Predicting space weather or launching satellites: Maxworth aims to advance the understanding of the physics of lighting

“With a PhD dissertation, I believe a person should give something completely new to the world.” This is what drives Ashanthi Maxworth, PhD candidate in electrical engineering, who is working to develop a model to determine how electromagnetic waves, specifically whistler waves, are transmitted through the Earth’s magnetosphere. Determining the power-flow path of these waves is called ray tracing.

“Whistler waves were identified during World War I and are mainly created due to lightning strikes,” said Maxworth. “Whistler ray tracing has many practical applications in the areas of space weather, lightning research, space physics and communications. Understanding the physics of lightning requires advanced simulations.”

The model she is developing aims to advance that understanding; such models are frequently used for predicting space weather, launching satellites or predicting the impact of magnetospheric electromagnetic waves on the Earth’s atmosphere.

The magnetosphere and the ionosphere are found outside of the Earth’s atmosphere and are in a plasma state. In plasma, the fourth state of matter, everything exists in an ionized state, so when the whistler waves travel through the magnetosphere and ionosphere, they can interact with the ionized particles in the plasma. This is known as wave-particle interaction, and it often releases energy that may damage space electronics, damage communication links such as GPS communications, change the dynamics of the Earth’s radiation belts and significantly impact space weather.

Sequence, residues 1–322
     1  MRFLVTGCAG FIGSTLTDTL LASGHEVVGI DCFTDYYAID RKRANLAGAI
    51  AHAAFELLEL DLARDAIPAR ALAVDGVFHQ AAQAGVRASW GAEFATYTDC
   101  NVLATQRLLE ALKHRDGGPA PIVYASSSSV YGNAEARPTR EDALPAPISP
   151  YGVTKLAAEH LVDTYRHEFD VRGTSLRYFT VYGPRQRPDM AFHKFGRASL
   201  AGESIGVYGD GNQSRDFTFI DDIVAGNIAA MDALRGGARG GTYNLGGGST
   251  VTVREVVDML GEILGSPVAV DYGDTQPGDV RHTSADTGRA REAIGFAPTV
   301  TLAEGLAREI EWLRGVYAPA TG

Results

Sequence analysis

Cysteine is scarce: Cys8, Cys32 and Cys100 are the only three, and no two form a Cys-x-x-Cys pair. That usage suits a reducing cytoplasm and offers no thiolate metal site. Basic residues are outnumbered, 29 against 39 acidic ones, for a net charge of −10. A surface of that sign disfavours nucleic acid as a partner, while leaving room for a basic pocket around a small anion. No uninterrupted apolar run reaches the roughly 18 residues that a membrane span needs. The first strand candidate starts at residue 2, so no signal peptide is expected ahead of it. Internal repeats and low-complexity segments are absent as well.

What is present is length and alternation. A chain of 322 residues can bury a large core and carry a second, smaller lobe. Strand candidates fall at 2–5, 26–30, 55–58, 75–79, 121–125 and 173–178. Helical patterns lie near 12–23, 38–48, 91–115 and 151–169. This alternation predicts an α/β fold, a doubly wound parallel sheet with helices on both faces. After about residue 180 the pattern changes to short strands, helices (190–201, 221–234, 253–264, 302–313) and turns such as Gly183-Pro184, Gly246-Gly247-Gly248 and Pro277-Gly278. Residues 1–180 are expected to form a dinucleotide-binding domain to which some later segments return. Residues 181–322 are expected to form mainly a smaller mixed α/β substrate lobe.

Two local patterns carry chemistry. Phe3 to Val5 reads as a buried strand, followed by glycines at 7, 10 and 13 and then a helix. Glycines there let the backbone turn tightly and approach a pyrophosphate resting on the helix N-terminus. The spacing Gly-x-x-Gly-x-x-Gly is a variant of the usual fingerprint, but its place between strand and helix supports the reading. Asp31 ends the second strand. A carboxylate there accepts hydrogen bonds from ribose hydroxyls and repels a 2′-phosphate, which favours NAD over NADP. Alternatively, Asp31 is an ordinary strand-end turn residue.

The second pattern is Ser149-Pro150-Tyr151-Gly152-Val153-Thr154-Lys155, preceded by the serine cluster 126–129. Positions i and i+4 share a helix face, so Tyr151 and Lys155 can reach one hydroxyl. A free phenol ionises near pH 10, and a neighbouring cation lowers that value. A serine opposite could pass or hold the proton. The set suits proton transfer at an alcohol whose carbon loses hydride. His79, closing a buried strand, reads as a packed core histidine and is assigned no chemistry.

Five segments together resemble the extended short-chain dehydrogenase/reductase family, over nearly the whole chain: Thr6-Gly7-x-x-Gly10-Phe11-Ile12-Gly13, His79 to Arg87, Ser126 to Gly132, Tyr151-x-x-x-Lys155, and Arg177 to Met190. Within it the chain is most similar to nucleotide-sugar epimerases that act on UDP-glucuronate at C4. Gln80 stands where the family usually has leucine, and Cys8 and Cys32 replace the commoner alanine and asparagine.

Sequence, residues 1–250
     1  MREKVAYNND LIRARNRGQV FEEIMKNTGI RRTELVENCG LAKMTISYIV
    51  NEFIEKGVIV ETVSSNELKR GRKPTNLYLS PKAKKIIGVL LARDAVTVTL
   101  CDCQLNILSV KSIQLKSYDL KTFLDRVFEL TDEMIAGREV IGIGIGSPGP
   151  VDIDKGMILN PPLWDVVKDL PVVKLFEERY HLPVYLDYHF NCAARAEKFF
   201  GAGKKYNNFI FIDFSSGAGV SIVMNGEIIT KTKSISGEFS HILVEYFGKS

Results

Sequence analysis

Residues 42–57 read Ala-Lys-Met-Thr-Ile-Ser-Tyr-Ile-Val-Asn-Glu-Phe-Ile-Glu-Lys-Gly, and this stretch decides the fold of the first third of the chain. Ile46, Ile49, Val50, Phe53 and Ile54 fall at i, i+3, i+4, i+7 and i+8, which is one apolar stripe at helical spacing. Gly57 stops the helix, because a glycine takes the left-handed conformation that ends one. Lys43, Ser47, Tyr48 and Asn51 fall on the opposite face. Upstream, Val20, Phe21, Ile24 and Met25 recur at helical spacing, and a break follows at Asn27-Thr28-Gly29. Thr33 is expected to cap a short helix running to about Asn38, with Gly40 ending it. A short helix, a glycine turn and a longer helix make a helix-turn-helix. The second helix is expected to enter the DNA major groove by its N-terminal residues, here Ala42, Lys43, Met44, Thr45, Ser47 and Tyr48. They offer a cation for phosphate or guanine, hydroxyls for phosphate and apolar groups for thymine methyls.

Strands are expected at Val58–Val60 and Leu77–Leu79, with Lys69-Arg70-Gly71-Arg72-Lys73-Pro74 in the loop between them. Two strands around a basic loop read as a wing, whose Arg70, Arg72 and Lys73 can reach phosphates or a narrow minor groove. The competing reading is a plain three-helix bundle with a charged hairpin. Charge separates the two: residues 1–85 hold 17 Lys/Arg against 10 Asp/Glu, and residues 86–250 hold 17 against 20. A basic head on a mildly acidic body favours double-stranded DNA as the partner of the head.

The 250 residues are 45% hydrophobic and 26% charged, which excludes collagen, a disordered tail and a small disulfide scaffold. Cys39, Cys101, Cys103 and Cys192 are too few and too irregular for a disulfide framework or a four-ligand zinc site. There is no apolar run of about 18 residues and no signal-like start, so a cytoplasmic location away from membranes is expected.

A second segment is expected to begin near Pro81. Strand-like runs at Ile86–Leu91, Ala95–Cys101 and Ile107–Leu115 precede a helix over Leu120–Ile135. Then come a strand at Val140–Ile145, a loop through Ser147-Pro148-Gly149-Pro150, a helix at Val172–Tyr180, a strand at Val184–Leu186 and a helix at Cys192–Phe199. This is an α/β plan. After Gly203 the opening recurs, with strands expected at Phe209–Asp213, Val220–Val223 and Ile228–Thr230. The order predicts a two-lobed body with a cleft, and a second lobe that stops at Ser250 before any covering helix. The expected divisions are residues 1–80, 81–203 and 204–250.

“It is important to accurately predict the power-flow path of the whistler waves and minimize their undesirable effects,” said Maxworth, who works closely with associate professor of electrical engineering Mark Golkowski.

According to Maxworth, the current available methods trace the propagation of waves in cold plasma environments, in which the temperature and pressure are considered to be negligible. However, in actuality the sun heats the plasma, so she and Golkowski have extended their work into warm plasma environments, where variations in temperature and pressure play a significant role in how the waves behave.

“Warm plasma ray tracing is very complicated. No one has performed this research before, which is why Dr. Golkowski suggested working on it,” she said. “My hope is that our work will make the lives of future scientists much easier.”

Working with such a unique situation comes with its challenges. Maxworth is often asked how she can verify that her model is accurate. However, she is confident in her research and in the expertise provided by Golkowski and the other members of her PhD committee, and she continually strives to find ways to ensure the model’s accuracy. For example, earlier this year Golkowski presented at the Laboratory for Atmospheric and Space Physics at the University of Colorado Boulder, where he and Maxworth were able to obtain Van Allen probe satellite data relevant to their research. Maxworth currently is comparing those observations with the results from her model. “So far everything matches up,” she said.

Maxworth hopes to finish her dissertation in May 2017, after which she plans to remain in academia and continue to build research collaborations and gain experience. In the end, it all comes back to creating something useful for future scientists.

“I want to build an accurate model and give it to the science community so they can use it for their future research.”